[/link], Sunshine Cleaning, Pretty Bird, Phoebe in Wonderland and What Just Happened?), but with today's buy, I expect that many of these titles will slowly be picked up as prices go down, few parties are intrested and producers fight hard to get them to sign on the line that is dotted. Today, Variety reports that IFC Films have picked up the comedy Diminished Capacity. Based on his novel of the same name, Broderick plays a man who suffers memory loss after getting hit on the head. He then takes a trip with his Alzheimer's-addled uncle (Alda) and his high school sweetheart (Madsen) to a memorabilia show as the group concocts a scheme to sell a rare baseball card. This sounds like a goofy recipe and perhaps
See full article at IONCINEMA.com »

IFC picks up 'Capacity'

IFC picks up 'Capacity'
NEW YORK - IFC Entertainment has picked up all North American rights to Terry Kinney's quirky Sundance comedy Diminished Capacity starring Matthew Broderick, Alan Alda, Virginia Madsen and Dylan Baker.

The Plum Pictures feature, which premiered Jan. 21 at the Park City fest, stars Broderick as a Chicago newspaper editor who suffers a concussion and loses his memory. He takes a break to visit his senile uncle (Alda) in Missouri, and the pair end up on a road trip with his high school girlfriend (Madsen).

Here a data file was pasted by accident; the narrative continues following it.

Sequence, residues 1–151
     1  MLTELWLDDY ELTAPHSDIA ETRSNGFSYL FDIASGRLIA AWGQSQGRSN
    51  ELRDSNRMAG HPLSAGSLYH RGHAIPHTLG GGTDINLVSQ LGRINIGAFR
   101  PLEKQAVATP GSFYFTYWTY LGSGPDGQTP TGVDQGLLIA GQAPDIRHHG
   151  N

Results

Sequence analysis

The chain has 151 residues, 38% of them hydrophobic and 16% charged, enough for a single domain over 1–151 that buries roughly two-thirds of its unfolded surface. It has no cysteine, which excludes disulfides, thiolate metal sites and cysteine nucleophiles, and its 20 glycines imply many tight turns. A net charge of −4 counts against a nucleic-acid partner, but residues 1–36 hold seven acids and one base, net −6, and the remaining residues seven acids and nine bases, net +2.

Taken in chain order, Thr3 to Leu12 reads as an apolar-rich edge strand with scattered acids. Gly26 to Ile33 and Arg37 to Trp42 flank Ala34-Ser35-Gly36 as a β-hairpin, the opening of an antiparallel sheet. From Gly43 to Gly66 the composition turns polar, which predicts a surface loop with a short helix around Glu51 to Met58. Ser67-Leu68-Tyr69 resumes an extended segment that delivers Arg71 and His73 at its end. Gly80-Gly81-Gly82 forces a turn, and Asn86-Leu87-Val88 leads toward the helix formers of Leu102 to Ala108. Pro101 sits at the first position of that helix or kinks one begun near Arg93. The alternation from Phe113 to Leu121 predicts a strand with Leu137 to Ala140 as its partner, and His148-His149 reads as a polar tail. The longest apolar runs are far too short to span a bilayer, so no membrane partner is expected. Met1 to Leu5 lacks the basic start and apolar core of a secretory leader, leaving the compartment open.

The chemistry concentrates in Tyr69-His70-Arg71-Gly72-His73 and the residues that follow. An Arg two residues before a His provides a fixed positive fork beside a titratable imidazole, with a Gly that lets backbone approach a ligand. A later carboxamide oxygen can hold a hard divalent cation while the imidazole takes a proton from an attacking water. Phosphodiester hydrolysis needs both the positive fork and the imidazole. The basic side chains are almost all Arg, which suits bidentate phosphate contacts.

Celine Rattray, Galt Niederhoffer and Daniela Tapling Lundberg of Plum Pictures produced the film with Tim Evans.

Capacity was one of several Sundance films whose big-name stars held the promise of a fast sale for a high price. Most of them ended up in a slow-burn sales process, or at smaller distributors than expected.

IFC Films will release Capacity simultaneously in theaters and via video-on demand under its day-and-date First Take banner

IFC's Arianna Bocco negotiated the sale with Cinetic, which repped the filmmakers.

Diminished Capacity

Sundance Film Festival

PARK CITY -- In Diminished Capacity, actor-turned-first-time director Terry Kinney has a solid premise and two intriguing characters but only the lamest story to tell. Consequently, the film plays like diminished comedy.

The extremely talented Matthew Broderick and Alan Alda play a respective nephew and uncle, each struggling with memory loss, thereby creating a team Broderick calls, in one of the movie's few witty lines, Slow and slower. But yielding to the story demands of a novel by Sherwood Kiraly (who co-authored the script), these two are thrust into the world of baseball cards and sports memorabilia shows, an arcane and, as it works out, mirthless arena for these potentially compelling characters.

The project from Steppenwolf Films, a division of the famed Chicago theater company, did attract a stellar cast including Virginia Madsen, Bobby Cannavale and the great Lois Smith. But from the start, the film fails to get any comic traction. Boxoffice appeal is limited to those eager to see Broderick and Alda in unusual roles -- and possibly Chicago Cubs fans whose long-suffering fate is the butt of many jokes.